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Introducing Daft: A High-Performance Distributed Dataframe Library for Multimodal Data
The challenges of processing multimodal data, including images, embeddings, and nested structures, have always posed a significant hurdle for developers, who typically have to trade off between performance, features, and ergonomics.
We built Daft to be a game-changer, providing an efficient solution for handling multimodal data by leveraging the power of Rust and the Arrow format while still being Pythonic!
So, what is it?
Daft is a distributed dataframe library that brings familiarity to developers already acquainted with pandas or polars.
However, Daft goes beyond the capabilities of traditional dataframe libraries by offering additional benefits:
Distributed: Daft seamlessly works on both a laptop and a massive cloud cluster, enabling processing power at varying scales by leveraging the Ray framework.
Complex Types: Native support for complex types and memory formats, such as images, allowing for efficient handling and processing.
Rust Compute Engine: By utilizing Rust, Daft maximizes the performance potential of modern hardware, including SIMD optimizations.
Smart Memory Management: Daft optimizes memory usage, enabling small clusters to handle large datasets efficiently.
Out-of-Core Processing: Daft's ability to process data larger than the available memory empowers users to work with datasets of any size.
What does it look like?
Daft empowers developers to work with diverse data types from a variety of sources within a unified framework.
For example, let's say you wanted to load some images from S3 cloud storage:
df = (daft .from_glob_path('s3://...') .into_partitions(8) .with_column('image', col('path').url.download().image.decode()))
Let’s unpack what Daft does here:
daft.from_glob_path(s3://...): Daft pattern matches the S3 bucket for image files and yields a lazy dataframe of just the metadata.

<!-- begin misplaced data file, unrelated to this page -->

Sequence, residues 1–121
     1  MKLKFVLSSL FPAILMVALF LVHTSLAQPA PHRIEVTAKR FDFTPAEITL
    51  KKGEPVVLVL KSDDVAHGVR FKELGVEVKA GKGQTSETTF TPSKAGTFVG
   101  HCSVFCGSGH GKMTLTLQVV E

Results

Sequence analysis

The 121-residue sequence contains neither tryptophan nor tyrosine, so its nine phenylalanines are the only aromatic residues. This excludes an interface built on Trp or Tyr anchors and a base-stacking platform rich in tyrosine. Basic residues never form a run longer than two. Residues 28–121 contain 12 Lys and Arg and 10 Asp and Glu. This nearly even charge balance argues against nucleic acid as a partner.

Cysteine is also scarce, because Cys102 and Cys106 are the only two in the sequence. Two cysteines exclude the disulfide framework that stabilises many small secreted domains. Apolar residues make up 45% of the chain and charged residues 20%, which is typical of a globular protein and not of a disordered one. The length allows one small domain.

.into_partitions(n): Daft splits our dataframe into partitions, which allows us to chunk up our data, enabling parallel processing and larger than core-memory workloads.
.with_column(‘image’, col(“path”).url.download().image.decode()): This step adds a new column named 'image' by downloading the images from the URLs in the 'path' column and decoding them directly into contiguous memory.
Daft makes this easy by providing a type system for common complex types, such as images and embeddings, as well as deeply nested types found in JSONs and protobufs.
Check out our tutorials to learn more:
A full list of supported types can be found in our documentation.
How well does it work?
Here we compare Daft against some popular distributed dataframes such as Spark, Modin, and Dask on the TPC-H benchmark.
Our goals for this benchmark is to demonstrate that Daft is able to meet the following development goals:
Solid out of the box performance: great performance without having to tune esoteric flags or configurations specific to this workload
Reliable out-of-core execution: highly performant and reliable processing on larger-than-memory datasets, without developer intervention and Out-Of-Memory (OOM) errors
Ease of use: getting up and running should be easy on cloud infrastructure for an individual developer or in an enterprise cloud setting